“That was the big question, right? How is that going to work?”
That’s “Only Murders in the Building” co-creator and showrunner John Hoffman, and anyone remotely aware of his new Hulu series (now picked up for Season 2) knows exactly to what he is referring: its three stars Steve Martin, Martin Short, and—pause for dramatic effect—Selena Gomez, the actor and very famous millennial pop star.
The dark comedy, which premiered Aug. 31, follows three strangers who live in the same Upper West Side co-op building in which a young man is brutally murdered—or is he? Thanks to a shared love of true crime podcasts, the trio become enmeshed as they attempt to get to the bottom of the tragedy, digging a few of their own skeletons out of the closet along the way.
“I find it so beautiful that these three unexpected people, you’ll very quickly begin to root for. They feel like they’re a little mini family.”
Having gestated “squarely in the mind of Steve Martin,” says Hoffman, who was brought on to the project by “This Is Us” creator and “Murders” producer Dan Fogelman, the show obviously leads laughs-first. But there’s real darkness there, too, as all three grapple with the specific brand of New York loneliness in which isolation is compounded by the city’s density. Pairing Gomez with the two older oddballs was, in fact, just what the series needed in order to strike its peculiar tone.
And Gomez came to play, Hoffman insists. “We knew we wanted someone unexpected, someone sort of alien to their world,” he says. “She fits perfectly because she’s this dry, assertive, cut-through-it-always [presence]. I find it so beautiful that these three unexpected people, you’ll very quickly begin to root for. They feel like they’re a little mini family that makes no sense but that is very watchable.
“It’s been extraordinary to watch her blossom and develop as a young comedic actress who we all knew when she was growing up,” Hoffman adds, “and to watch her mature into this deep role. And the three of them together really are just so funny.”
Adding Gomez into the mix also allowed Martin and Short to do what they’ve always done: surprise. As Hoffman describes it, “I wanted to subvert expectations about what you might think a show with these classic comedians is going to be and take them into something really modern. That’s who they’ve always been as comedic geniuses. They haven’t just played in the land of the expected.”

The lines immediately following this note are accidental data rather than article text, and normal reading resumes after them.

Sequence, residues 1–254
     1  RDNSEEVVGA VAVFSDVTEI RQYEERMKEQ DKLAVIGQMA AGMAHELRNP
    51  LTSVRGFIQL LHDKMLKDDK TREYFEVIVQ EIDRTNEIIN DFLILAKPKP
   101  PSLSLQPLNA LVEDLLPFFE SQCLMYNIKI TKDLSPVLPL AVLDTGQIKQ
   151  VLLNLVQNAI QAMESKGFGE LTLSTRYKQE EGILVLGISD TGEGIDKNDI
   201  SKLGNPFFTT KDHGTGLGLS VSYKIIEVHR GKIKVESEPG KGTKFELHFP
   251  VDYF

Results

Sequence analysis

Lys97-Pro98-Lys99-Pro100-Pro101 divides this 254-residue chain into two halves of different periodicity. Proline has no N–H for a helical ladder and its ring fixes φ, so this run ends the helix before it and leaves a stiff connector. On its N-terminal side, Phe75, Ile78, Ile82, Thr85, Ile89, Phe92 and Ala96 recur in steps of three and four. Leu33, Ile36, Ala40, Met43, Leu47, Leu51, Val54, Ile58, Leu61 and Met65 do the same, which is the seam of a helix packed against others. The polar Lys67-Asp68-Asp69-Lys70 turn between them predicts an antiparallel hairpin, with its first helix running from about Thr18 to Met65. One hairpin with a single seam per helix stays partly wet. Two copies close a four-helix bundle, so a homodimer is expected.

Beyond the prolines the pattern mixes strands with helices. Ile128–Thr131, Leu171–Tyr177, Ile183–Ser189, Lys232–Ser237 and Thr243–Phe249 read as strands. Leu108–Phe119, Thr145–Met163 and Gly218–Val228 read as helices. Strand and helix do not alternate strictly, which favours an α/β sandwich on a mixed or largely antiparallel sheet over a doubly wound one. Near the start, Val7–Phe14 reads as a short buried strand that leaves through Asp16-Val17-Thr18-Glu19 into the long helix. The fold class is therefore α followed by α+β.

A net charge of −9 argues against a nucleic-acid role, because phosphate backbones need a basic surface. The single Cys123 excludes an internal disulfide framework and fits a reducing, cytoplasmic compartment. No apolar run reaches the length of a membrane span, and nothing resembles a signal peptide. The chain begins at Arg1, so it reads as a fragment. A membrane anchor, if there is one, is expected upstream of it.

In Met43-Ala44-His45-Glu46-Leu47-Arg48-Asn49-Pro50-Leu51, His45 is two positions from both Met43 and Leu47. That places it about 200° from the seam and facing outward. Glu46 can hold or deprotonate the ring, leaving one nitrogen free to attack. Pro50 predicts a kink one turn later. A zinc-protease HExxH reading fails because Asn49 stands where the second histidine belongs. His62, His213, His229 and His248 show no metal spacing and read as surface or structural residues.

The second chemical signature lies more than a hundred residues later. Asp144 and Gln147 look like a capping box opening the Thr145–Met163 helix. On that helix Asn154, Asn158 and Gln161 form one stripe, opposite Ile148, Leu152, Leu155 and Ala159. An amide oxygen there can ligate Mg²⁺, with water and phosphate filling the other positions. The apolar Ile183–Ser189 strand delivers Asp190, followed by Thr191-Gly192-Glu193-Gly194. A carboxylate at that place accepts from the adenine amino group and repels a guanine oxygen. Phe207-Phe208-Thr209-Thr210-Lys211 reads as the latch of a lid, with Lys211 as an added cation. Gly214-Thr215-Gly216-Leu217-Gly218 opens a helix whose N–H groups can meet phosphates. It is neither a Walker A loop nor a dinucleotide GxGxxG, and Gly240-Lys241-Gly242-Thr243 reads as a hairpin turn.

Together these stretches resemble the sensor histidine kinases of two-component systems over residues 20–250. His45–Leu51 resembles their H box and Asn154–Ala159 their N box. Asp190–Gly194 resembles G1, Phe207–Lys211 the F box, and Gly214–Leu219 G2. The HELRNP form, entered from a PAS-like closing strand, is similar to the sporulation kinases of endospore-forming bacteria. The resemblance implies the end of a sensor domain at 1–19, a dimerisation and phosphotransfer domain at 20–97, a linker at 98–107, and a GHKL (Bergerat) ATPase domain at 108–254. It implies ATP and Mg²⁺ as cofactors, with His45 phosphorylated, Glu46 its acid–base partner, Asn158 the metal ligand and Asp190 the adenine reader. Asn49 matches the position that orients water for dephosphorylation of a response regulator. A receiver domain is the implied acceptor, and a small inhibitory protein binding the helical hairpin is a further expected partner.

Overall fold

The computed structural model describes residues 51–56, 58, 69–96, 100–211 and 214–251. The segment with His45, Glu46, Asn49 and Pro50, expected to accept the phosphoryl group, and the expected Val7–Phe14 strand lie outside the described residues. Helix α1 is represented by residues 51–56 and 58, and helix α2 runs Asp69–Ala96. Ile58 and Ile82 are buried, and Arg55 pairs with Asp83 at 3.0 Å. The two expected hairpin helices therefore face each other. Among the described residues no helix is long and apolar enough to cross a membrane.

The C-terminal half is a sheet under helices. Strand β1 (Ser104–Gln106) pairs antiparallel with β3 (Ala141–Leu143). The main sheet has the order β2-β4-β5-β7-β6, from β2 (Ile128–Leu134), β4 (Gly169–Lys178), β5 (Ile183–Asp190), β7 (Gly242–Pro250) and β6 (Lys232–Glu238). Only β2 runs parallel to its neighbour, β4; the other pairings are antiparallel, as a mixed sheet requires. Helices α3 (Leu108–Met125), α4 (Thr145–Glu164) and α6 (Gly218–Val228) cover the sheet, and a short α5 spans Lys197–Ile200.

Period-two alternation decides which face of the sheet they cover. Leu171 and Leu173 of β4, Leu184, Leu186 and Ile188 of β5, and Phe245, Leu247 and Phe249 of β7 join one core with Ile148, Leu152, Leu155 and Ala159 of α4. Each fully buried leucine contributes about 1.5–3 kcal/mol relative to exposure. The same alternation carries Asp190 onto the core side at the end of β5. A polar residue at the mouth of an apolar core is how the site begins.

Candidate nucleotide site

Hoffman actually didn’t know Martin—or Short or Gomez, for that matter—prior to his involvement with the series. It also marked his first time at the helm, having previously worked as a writer on other people’s shows, including “Grace and Frankie” and “Looking.” To have this kind of narrative autonomy “was heaven to me,” Hoffman says. But at the same time, being the person who is called upon more than anyone else on set was also immensely challenging (especially given COVID protocols, which were foreign to everyone).
“The only way I knew how to do it,” he explains, “was to be as prepared as I could ever be and to accept that I’m probably the person who should answer most of the questions, but not be afraid to say, ‘I don’t know and let’s find out.’ I’ve never learned more.”
Even though the show checked off a number of firsts for Hoffman, it was produced in accordance with the writing principle he’s always sworn by. It isn’t new or novel—in fact, it’s almost cliched, and yet so many creatives, especially aspiring ones, still have a hard time figuring it out: Write what you know. No, write what you actually know.
“The specifics that come from your own life that you can transfer into a good idea, that’s the place to look,” Hoffman insists. “Think first of an idea and then, How can I match that up with something that I know? Because it’s your life experience that’s like nobody else’s, and that will create something that is your own voice in some way. If you can, hold on to that first.”
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